We performed further analyses using serum TCDD quartiles (Table 3). The first quartile of the comparison veterans was used as the referent category for both the comparison and the Ranch Hand veterans. This was done in order to compare the results of the Ranch Hand veterans with those of the comparison veterans. In the comparison veterans the risk of being diagnosed with BPH decreased almost linearly with increasing TCDD exposure quartiles (test for trend = 0.049) (Table 3, Figure 1). In the Ranch Hand veterans, the highest TCDD quartile showed an increased risk of developing BPH compared with the first quartile of the comparison veterans, which was not statistically significant (Table 3). The data were also analyzed using the first quartile of the Ranch Hand veterans as the referent category for the other three quartiles of the Ranch Hand veterans. The relative risk of BPH was 1.07 (95% CI, 0.85–1.36; p = 0.55), 1.08 (95% CI, 0.85–1.39; p = 0.53), and 1.35 (95% CI, 1.05–1.74; p = 0.02) for the second, third, and fourth quartiles, respectively. We noted a trend (p = 0.11) toward increased risk of BPH that was confined completely to the fourth quartile. The first three quartiles had similar risks of BPH diagnosis.
Results of the sensitivity analysis are presented in Tables 4 and and5.5. Among the comparison veterans the risk of BPH diagnosis consistently decreased with increasing serum TCDD levels on both continuous and categorical analysis (Table 4). Among the Ranch Hand veterans the risk of BPH diagnosis appeared to increase with increasing TCDD levels when TCDD was used as a continuous variable (Table 5). On categorical analyses with the first quartile of the comparison veterans as the referent category, the increased risk of BPH diagnosis was confined completely to the highest TCDD quartile among the Ranch Hand veterans. The first three quartiles of the Ranch Hand veterans had a decreased risk (not statistically significant) of being diagnosed with BPH compared with the referent category (Table 5, Figure 1).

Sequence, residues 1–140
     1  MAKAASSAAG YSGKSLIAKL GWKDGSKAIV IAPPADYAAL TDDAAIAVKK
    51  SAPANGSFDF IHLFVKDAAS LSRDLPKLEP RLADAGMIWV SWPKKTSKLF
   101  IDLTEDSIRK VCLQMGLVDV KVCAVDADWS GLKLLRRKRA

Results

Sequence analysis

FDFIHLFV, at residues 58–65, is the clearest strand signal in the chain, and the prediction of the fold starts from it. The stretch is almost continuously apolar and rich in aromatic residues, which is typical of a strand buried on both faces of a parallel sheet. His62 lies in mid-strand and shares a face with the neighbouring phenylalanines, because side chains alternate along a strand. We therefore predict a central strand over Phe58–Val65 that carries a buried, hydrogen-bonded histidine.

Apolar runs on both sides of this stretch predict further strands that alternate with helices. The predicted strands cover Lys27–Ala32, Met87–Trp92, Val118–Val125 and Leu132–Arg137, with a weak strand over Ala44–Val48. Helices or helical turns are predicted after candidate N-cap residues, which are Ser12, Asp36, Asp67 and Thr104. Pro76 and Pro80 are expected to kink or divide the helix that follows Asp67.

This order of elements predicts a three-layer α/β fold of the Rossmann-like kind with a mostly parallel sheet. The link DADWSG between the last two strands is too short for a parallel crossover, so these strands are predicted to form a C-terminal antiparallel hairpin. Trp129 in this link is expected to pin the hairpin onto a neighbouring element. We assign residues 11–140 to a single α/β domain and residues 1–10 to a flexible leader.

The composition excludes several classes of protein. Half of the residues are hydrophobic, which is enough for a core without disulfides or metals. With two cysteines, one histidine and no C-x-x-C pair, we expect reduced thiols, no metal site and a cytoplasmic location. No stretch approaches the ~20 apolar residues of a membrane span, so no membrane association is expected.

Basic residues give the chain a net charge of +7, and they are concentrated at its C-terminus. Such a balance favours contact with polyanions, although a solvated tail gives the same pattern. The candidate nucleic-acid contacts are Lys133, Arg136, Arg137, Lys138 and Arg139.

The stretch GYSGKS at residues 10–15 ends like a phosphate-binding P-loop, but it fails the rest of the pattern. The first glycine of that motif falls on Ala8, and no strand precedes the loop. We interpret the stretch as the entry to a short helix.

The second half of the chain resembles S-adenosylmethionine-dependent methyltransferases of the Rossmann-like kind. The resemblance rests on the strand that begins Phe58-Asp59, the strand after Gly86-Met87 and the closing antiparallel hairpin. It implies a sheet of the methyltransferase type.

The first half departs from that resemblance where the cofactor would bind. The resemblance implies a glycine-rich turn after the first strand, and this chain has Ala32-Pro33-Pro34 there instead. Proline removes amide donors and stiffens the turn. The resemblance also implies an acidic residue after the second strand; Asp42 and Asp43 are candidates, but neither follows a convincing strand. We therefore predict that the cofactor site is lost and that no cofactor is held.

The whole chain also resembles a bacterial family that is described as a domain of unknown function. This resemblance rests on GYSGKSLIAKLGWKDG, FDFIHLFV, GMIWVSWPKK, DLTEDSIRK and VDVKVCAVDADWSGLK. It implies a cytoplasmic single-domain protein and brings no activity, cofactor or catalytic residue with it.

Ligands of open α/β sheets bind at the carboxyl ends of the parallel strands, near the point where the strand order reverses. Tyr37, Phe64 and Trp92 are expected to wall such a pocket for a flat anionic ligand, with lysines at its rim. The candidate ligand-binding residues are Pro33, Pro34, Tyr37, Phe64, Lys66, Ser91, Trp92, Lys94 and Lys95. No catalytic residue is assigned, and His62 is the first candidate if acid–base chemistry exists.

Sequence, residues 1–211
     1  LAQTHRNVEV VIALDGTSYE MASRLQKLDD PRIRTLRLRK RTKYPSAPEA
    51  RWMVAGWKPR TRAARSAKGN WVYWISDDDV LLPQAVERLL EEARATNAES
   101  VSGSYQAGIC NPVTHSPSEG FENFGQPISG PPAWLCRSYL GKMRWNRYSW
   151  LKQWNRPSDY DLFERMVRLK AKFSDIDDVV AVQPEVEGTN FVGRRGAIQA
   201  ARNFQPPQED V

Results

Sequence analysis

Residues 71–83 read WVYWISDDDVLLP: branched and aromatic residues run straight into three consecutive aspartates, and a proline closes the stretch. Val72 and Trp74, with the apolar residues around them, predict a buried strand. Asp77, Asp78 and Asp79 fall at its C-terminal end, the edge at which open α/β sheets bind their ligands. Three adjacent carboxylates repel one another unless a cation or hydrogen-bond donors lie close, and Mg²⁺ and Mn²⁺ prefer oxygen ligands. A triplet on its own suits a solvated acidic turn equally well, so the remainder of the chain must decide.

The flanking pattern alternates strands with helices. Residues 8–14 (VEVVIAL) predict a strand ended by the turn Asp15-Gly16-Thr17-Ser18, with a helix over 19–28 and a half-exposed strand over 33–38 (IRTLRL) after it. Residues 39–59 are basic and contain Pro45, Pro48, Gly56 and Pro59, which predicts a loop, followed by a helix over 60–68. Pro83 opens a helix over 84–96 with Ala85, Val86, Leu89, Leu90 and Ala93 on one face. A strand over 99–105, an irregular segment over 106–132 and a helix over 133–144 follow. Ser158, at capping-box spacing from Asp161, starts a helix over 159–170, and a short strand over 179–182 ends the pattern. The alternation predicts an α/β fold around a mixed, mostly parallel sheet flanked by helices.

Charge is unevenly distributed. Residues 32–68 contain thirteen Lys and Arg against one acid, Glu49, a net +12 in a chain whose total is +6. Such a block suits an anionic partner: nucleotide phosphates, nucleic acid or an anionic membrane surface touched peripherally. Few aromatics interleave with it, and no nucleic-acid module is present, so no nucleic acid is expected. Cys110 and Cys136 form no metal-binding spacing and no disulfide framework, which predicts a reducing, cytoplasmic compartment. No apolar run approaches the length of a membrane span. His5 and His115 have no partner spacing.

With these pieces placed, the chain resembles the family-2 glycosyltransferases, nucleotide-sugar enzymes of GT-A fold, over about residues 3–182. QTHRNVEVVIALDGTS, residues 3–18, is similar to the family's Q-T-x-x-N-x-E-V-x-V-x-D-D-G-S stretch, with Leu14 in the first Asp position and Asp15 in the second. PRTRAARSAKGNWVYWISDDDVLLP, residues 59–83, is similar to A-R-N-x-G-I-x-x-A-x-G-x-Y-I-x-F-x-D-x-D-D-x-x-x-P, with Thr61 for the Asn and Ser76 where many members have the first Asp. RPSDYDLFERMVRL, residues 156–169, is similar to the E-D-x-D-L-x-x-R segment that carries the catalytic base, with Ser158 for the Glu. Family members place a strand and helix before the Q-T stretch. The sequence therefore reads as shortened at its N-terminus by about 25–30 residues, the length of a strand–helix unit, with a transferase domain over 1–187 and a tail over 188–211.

We also examined the relationship between serum TCDD levels and serum testosterone levels. In multivariate linear regression analysis (Table 6), serum testosterone was negatively associated with serum dioxin levels in both the comparison and the Ranch Hand veterans. Further analyses were performed using the TCDD quartiles, with the first quartile of the comparison veterans serving as the referent category. A consistent decrease in serum testosterone was seen across all TCDD quartiles for both Ranch Hand and comparison veterans (Table 7, Figure 2).
In this prospective cohort study, higher serum TCDD levels in the comparison group are associated with decreased risk of being diagnosed with BPH. Serum TCDD is also associated with lower testosterone levels in both Ranch Hand and comparison veterans.
The TCDD exposure levels in the comparison group are similar to the ‘background’ exposure levels in the general population (4.22 ppt according to the 1987 NHATS) (Orban et al. 1994). These results are consistent with the results of our previous cross-sectional study in which we found a decrease in the odds of having BPH with increasing TCDD body burden at general population exposure levels (Gupta et al. 2006). To our knowledge, the present study is the only prospective study that has examined the association between serum TCDD and BPH.